Food and Migration

Posted on June 22, 2014

Australia is a migrant nation.  Like many countries, its agriculture depends largely on migrant workers.  Uniquely, many have resettled in Australia, forging communities that brought with them culture, tradition and unique cuisine.

Nothing follows the Australian story in quite the same way as our food history.  That began with the British colony that established fledgling farmlets inside three months.  Ultimately though, it was ex-convicts (like James Ruse) and British settlers who would forge a tradition that continues today.

Early 19th century Australian migrants originated largely from England, Scotland and Ireland.  To sustain itself, the colony was in dire need of food producers.  At first, crop failures were common but grain production soon became a mainstay and market gardens popped up to grow and supply the ingredients for Anglo-Celtic dishes.

Most gardens were owned and operated by British settlers until the 1850s.  By the time gold was discovered in 1851, Chinese people had begun to make their mark.  Over the gold rush period, as the Europeans moved on to try their luck, it was often migrants from China who supplied the diggings with fresh leafy vegetables and sometimes locally grown fruit.

With it, the gold rush brought another migration wave, including the Germans who would establish Australia’s famous wine growing region in Barossa Valley.  They would also bring a culinary tradition of smoked meats, dried fruit, fermented and pickled vegetables, farmhouse cheeses.

Pre-depression, the Australian government encouraged British migration but it was the people of southern Europe who arrived with new culture and flavours.  Skilled Italians were in demand across the nation and with them, came a food culture that endures to this day.  Greek settlers opened cafes and coffee houses in towns and cities alike.  The 1920s and 30s saw grand coffee palaces play an important part in Australia’s jazz culture, as well as providing an alternative to smoke-filled public bars.

At the end of World War II, millions were displaced across Europe.  Lithuanians, Latvians, Estonians, Poles and Ukrainians, along with Hungarians, Czechs, Slovaks, Bulgarians and Yugoslavians were crowded into refugee camps.  Around 170,000 would make a new home in Australia.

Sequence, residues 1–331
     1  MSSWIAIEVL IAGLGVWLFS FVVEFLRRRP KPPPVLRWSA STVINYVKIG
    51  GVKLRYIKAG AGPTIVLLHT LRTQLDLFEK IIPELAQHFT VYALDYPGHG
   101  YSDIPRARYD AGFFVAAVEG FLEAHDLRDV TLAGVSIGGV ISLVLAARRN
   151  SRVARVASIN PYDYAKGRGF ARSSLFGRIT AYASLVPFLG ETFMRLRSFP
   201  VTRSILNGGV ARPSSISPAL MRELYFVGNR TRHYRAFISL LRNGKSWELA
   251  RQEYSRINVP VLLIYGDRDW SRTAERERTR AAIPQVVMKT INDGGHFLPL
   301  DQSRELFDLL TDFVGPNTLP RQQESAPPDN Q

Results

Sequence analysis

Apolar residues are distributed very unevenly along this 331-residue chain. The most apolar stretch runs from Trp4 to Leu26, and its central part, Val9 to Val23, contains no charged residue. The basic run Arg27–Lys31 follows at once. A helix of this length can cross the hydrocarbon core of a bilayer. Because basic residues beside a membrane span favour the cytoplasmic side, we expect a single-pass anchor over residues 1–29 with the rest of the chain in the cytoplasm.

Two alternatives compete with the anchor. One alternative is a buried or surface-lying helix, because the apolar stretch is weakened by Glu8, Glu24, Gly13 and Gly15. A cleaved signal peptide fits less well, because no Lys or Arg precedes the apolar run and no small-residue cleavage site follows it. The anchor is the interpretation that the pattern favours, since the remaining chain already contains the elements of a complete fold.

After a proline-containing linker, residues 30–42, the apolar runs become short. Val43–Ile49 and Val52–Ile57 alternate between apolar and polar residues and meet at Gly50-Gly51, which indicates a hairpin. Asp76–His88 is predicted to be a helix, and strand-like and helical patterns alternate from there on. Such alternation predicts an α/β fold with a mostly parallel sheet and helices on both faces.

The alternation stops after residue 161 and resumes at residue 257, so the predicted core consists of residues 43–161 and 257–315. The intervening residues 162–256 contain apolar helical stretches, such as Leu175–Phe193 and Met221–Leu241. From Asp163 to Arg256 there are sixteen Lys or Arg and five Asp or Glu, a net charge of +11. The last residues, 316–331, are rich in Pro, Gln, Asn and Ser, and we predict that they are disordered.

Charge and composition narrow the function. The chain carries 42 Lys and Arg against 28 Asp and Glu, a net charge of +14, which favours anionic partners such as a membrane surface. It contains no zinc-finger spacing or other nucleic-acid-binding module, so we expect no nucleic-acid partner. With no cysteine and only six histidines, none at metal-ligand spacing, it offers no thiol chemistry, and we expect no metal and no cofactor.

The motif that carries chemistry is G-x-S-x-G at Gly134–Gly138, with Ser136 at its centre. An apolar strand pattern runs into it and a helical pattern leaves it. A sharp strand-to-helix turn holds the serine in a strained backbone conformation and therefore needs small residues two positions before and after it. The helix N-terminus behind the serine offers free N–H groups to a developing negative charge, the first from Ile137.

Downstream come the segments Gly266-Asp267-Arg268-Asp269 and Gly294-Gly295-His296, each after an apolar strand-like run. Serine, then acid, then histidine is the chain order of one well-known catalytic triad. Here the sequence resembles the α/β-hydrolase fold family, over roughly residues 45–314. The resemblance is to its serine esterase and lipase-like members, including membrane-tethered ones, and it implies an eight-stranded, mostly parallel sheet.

At a time when Australian agriculture was expanding to embrace new crops and cuisines, like rice and pineapple, Slavic migrants brought innovative food production methods.  Sprinklers and regulated watering saw foods, including root vegetables and nut varieties enter the Australian diet.

A great many Greeks and Italians also resettled in Australia as post-war migrants.  Their cuisine heritage took root in market gardens, often transformed from residential blocks.  At a time when dining out was only beginning to gain popularity, from city to town Australians embraced cafes and restaurants of Mediterranean fare.

Some 20 years on and, the fall of Saigon saw a steady influx of refugees from Vietnam begin.  Like their fellow migrants, many established market gardens.  Previously unavailable fresh Asian herbs and greens also began appearing in local green-grocers.  Soon Australians began to explore the delicious new flavours of Vietnamese cookery too.

A familiar pattern was repeated when people fleeing war in Lebanon began to arrive in the 1970s.  Then something important happened.  The White Australia Policy, in place since Federation, was no more.

Today’s new migrants are often embraced on the basis of their cuisine.  Restaurants are quick to adapt exotic influences in distinctive fusions with conventional dishes and specialist grocers abound with ingredients from every corner of the globe.  Australia is renowned for its multicultural cuisine and no one group has contributed more to its diverse, global fare than migrants.

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